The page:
This jaunty and comprehensive look at Oscar history and lore encompasses the larger social and cultural implications of a narrow subject. Levy, a senior film reviewer for Variety, draws on an extraordinarily detailed knowledge of Hollywood history, providing intriguing factoids to supplement his assertions and analysis about subjects like gender, age and race in Hollywood, and probing such essential questions as whether the Oscars are a ""popularity contest."" Levy supplies all the technical details of the nomination process, the rank of the Oscars among other film industry awards and a wide array of statistics (e.g., 20% of all actresses and 5% of actors are under 25 years of age when they receive nominations for best performance). Meanwhile, his analysis of why films about race, such as Guess Who's Coming to Dinner and In the Heart of the Night, receive Oscar nominations is thoughtful and savvy. No sociological question escapes Levy's notice, and he's got an answer for everything. Do roles that emphasize suffering and victimization help women win Oscars? (Yes.) Does the use of accents help performers win? (Not singlehandedly, but they help.) Can even a single Oscar overhype a career? (Very often, yes.) While on the surface these questions seem facile, he integrates them into the larger industry and social portrait, demonstrating their wider ramifications. (Mar. 23) Forecast: Film scholars may find this book unnecessary, but Oscar fans will enjoy it. Originally scheduled for January publication, the book is now slated for publication only two days before the telecast of the 73rd Academy Awards. Any earlier delivery to bookstores will only enhance this title's chances for success.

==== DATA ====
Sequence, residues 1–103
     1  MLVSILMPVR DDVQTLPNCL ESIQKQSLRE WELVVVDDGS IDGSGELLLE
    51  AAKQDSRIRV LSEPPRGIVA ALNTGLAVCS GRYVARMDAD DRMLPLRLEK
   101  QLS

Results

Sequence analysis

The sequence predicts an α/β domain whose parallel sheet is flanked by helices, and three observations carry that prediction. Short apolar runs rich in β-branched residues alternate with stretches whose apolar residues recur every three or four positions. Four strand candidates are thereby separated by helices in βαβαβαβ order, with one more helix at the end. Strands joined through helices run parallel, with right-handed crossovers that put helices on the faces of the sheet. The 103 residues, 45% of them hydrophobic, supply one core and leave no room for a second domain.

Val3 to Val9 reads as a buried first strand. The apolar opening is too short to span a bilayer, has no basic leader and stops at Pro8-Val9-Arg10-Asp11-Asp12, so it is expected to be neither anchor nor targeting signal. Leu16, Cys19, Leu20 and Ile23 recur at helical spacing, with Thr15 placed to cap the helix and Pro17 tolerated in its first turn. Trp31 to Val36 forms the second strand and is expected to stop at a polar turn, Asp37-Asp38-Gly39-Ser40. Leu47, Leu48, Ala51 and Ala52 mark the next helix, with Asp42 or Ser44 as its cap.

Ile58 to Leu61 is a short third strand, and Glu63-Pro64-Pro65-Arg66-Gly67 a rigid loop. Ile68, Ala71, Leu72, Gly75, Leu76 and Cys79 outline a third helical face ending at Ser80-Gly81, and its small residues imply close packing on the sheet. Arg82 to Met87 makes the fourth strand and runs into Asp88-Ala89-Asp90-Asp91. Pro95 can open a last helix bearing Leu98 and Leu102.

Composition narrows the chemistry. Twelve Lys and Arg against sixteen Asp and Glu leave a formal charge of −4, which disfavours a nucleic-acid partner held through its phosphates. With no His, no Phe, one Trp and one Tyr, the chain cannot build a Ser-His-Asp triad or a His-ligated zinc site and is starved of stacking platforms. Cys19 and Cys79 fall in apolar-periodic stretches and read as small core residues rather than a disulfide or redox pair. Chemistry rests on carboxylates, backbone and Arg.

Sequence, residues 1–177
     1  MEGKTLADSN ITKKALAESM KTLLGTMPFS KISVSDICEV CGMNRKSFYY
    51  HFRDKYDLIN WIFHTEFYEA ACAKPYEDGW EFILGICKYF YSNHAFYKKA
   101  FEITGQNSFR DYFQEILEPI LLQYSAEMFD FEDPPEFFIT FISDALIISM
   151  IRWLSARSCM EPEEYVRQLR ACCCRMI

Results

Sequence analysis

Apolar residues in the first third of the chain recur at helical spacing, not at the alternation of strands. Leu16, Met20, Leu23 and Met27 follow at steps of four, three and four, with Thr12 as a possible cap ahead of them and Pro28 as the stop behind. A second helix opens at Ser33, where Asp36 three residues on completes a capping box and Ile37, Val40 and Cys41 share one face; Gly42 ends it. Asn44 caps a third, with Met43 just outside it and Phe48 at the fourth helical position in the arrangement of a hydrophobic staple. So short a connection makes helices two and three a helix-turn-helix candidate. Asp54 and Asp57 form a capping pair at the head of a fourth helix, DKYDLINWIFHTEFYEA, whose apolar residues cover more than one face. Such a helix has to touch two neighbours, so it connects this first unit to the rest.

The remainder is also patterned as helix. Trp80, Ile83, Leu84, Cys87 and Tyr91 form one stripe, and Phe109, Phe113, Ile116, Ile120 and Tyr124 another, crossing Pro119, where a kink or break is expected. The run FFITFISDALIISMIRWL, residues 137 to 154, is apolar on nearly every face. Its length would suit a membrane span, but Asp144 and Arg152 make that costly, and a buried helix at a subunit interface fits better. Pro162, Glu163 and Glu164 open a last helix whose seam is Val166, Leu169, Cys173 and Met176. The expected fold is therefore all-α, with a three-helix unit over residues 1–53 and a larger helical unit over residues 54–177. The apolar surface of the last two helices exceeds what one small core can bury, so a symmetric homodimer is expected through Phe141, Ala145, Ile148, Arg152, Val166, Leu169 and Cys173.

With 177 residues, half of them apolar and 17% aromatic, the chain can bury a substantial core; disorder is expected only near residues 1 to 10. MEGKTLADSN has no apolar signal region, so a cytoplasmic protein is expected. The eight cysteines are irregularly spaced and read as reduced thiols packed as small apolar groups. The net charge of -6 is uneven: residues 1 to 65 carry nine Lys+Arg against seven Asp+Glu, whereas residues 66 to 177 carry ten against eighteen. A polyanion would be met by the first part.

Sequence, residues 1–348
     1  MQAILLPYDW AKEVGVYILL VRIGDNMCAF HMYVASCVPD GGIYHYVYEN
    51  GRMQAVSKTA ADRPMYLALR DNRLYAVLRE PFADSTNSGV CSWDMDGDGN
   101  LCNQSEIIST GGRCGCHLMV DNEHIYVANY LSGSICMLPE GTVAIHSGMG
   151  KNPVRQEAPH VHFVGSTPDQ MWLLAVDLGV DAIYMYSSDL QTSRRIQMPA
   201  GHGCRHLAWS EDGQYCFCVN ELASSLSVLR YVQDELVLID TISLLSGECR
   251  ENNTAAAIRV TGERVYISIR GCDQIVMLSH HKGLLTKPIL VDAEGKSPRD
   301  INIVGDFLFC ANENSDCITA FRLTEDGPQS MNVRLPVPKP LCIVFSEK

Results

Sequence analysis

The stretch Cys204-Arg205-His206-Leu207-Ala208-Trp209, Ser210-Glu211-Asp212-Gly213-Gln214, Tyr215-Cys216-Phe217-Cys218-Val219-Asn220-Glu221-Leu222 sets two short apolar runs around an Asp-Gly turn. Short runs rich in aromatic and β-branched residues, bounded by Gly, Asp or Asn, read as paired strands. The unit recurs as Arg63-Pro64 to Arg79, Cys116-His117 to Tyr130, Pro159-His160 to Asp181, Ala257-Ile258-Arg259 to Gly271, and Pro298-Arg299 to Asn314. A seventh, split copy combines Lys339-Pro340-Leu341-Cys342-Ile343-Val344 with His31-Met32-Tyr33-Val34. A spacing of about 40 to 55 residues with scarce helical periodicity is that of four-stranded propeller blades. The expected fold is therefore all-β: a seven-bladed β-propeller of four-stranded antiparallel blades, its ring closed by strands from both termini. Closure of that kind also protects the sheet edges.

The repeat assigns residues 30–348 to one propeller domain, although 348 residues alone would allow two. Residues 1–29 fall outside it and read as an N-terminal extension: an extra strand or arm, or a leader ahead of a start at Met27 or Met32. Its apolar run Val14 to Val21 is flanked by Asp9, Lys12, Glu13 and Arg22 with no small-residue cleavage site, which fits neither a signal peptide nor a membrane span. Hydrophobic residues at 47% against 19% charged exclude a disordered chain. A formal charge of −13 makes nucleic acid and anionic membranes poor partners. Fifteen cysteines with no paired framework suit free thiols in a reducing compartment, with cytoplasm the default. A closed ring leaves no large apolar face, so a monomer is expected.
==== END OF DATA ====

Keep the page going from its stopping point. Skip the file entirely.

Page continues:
Reviewed on: 01/29/2001 Release date: 01/01/2001 Genre: Nonfiction